Monday, December 05, 2016

Be kind to all ~ my column from Sunday's paper

Thanksgiving has evolved through the years for the Watson household. Looking back, celebrating this special holiday with our parents were some of the best memories of my life. But when they passed on, things changed for us. We now make Thanksgiving Dinner (lunch) for family and an eclectic collection of friends that have no other place to go on Thanksgiving.

Everyone I know loves this holiday and the recent trend of making Thanksgiving just another shopping day is disturbing. We decided never to shop on Thanksgiving or the day after. I don’t care that I can get a great deal on a flat-screen television. Everyone deserves time with family on Thanksgiving.

The Saturday after Thanksgiving, we went to Walmart for a few items. The woman who checked us out looked frazzled. The place had been a madhouse over the holidays, and she’d had her quota of rude customer and people who treated her poorly. We’ve been through her line several times, and she’s usually upbeat and smiling. On this visit, she looked raw and tired.

On the way home, Jilda was somber. She was in retail for over 20 years, working every Black Friday and Christmas Eve. It was rare that customers were rude to her back then, but it happened. I’m not sure why some people think that spending a few dollars at a place of business gives them the right to treat those who work there like chattel.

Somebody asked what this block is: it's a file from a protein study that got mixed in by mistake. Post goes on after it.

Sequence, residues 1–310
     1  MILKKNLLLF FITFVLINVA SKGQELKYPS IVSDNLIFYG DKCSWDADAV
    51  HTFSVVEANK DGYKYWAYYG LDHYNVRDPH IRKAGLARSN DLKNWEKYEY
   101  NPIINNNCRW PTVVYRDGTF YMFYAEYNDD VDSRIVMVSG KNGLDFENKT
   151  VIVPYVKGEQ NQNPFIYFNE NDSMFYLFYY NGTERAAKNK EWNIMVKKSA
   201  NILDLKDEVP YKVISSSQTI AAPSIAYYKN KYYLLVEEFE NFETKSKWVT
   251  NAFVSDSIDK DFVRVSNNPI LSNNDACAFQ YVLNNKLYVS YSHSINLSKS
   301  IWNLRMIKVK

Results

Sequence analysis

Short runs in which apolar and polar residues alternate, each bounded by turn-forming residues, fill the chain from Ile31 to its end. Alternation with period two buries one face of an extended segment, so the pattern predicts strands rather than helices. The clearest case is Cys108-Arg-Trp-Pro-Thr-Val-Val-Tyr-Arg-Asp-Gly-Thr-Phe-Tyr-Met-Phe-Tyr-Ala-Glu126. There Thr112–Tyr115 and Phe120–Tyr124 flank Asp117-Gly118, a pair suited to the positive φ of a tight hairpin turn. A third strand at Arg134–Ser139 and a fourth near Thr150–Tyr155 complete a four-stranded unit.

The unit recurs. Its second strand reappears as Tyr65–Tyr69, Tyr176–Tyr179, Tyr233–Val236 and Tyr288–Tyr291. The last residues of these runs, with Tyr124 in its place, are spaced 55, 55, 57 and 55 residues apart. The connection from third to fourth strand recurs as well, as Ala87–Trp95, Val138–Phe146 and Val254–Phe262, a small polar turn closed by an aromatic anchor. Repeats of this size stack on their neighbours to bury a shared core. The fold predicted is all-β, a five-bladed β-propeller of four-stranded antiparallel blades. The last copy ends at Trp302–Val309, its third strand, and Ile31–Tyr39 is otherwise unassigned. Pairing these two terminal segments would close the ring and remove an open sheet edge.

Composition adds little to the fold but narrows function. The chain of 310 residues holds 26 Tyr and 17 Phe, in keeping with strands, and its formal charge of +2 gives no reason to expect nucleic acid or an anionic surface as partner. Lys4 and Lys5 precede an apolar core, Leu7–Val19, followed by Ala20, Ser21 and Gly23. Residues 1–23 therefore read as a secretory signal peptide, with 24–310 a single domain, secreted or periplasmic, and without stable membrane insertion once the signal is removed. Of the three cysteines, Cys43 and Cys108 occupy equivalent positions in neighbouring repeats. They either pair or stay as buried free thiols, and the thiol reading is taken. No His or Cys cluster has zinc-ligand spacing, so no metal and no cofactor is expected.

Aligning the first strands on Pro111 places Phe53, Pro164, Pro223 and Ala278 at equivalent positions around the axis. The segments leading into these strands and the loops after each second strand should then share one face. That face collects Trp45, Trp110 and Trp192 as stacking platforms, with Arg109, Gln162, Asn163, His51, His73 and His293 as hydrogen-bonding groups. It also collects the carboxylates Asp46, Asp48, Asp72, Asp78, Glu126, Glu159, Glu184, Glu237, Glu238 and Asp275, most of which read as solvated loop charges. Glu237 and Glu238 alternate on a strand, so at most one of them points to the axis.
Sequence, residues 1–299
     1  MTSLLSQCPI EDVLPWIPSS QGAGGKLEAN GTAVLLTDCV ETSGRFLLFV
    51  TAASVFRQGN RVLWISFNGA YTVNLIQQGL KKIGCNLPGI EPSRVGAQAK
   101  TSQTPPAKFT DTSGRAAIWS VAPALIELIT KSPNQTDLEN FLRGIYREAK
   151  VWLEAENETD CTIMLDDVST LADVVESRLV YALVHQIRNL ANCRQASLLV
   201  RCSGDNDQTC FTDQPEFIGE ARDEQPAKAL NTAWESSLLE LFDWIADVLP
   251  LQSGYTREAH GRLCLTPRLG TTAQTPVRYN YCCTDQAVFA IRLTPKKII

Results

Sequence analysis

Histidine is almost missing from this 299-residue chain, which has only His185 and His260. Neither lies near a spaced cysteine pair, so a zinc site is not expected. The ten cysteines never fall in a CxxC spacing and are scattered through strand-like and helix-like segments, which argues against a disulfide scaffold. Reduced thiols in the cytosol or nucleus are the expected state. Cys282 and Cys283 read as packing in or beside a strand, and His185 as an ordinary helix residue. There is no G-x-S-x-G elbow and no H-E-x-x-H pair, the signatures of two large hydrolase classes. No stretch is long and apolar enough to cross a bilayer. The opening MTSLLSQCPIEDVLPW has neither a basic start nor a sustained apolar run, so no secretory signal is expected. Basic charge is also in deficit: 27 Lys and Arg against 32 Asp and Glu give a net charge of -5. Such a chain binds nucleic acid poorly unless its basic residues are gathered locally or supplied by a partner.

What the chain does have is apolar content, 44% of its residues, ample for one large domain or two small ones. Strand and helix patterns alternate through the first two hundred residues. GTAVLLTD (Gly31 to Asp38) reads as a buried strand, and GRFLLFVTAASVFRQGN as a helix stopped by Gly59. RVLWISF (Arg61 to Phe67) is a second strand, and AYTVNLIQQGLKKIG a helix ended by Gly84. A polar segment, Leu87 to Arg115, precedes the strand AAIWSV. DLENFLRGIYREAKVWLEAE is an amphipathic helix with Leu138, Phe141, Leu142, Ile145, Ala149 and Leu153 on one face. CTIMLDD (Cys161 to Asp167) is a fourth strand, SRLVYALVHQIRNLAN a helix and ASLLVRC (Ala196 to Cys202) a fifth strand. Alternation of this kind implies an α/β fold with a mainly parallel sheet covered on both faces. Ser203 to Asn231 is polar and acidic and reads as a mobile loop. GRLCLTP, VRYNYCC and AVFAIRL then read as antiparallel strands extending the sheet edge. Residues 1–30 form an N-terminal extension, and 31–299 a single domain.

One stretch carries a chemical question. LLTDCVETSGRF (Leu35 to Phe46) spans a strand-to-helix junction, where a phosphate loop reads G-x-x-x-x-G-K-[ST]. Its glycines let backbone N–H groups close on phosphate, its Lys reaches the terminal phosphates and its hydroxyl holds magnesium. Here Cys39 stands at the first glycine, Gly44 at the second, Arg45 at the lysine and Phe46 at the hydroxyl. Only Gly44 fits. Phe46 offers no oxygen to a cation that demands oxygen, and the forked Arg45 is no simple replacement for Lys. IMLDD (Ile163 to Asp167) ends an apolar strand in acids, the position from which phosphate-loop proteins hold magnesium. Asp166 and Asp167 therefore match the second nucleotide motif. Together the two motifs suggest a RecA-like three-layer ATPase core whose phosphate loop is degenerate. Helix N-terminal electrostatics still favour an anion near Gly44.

I witnessed this in October standing in line at a local department store. We were behind a man who was buying a shirt, and while we only heard bits and pieces of the conversation, the look on the young sales clerk’s face was telling. When the man finished, he stormed off. I’m guessing he was looking for someone else to abuse. When we stepped up to the counter, the young girl, who was new on the job, had tears in her eyes.

We spoke to her kindly, and within a few moments, she looked as if a weight lifted from her brow. I made a few observations about the abuser and probable causes for his behavior. By the time we left, she was smiling.

Fast forward to this past Wednesday. I scheduled a meeting for 10 a.m. and ordered a deli tray from Walmart. I placed the order a few days before, and without thinking it through, I told them I’d pick it up at 9 a.m. When I arrived at the store an hour early, I hoped it would be ready. It wasn’t. A young woman who’d never prepared a deli tray before was working on it. I looked at my watch and realized that if I didn’t get the tray soon, I’d be late for my meeting.

The alpha male voice which originates in a dark part of my brain kept firing off suggestions for snippy things to say. “Snort! Tap your foot! Look annoyed! Ask her if she plans to finish that tray today!”

Then the wiser voice, asked a simple question, “Who’s at fault here? Did you tell them you’d pick it up at 9 a.m.?” I took a deep breath and smiled at myself. I watched the young woman put the tray together with care. Finishing the job, she smiled as she sat the tray on the counter. “It looks nice, don’t it?” I told her it did and that I was going to recommend that her boss double her salary. She beamed, and I did too.